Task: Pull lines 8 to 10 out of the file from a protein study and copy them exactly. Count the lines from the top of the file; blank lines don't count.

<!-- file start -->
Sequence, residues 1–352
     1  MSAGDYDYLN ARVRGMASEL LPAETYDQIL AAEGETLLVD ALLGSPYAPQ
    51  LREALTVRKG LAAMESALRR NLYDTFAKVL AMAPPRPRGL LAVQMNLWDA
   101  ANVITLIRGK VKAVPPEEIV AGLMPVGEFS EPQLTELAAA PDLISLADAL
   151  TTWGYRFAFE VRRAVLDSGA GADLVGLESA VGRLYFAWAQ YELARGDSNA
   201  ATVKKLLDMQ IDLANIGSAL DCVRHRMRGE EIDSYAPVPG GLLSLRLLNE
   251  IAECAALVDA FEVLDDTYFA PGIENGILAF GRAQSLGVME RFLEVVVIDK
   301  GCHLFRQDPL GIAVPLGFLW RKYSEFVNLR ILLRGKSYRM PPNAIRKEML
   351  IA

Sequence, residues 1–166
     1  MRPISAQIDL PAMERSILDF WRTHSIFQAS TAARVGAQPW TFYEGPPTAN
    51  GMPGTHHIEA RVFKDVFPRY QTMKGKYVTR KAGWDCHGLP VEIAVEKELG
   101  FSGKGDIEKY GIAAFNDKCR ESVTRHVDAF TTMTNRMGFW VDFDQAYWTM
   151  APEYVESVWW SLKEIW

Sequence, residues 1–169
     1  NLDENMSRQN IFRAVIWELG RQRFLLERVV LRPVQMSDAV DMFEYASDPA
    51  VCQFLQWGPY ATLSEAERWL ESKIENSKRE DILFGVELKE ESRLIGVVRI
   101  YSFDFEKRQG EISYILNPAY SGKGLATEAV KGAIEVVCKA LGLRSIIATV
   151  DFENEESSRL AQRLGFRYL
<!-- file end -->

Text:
   301  GCHLFRQDPL GIAVPLGFLW RKYSEFVNLR ILLRGKSYRM PPNAIRKEML
   351  IA

Sequence, residues 1–166